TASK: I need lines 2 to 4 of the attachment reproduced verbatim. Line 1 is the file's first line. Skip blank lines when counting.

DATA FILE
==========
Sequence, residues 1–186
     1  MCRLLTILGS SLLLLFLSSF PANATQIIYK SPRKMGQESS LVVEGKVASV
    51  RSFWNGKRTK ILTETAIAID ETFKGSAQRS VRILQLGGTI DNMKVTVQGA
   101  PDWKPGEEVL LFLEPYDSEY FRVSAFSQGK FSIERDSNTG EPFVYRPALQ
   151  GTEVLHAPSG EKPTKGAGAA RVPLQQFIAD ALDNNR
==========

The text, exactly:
     1  MCRLLTILGS SLLLLFLSSF PANATQIIYK SPRKMGQESS LVVEGKVASV
    51  RSFWNGKRTK ILTETAIAID ETFKGSAQRS VRILQLGGTI DNMKVTVQGA
   101  PDWKPGEEVL LFLEPYDSEY FRVSAFSQGK FSIERDSNTG EPFVYRPALQ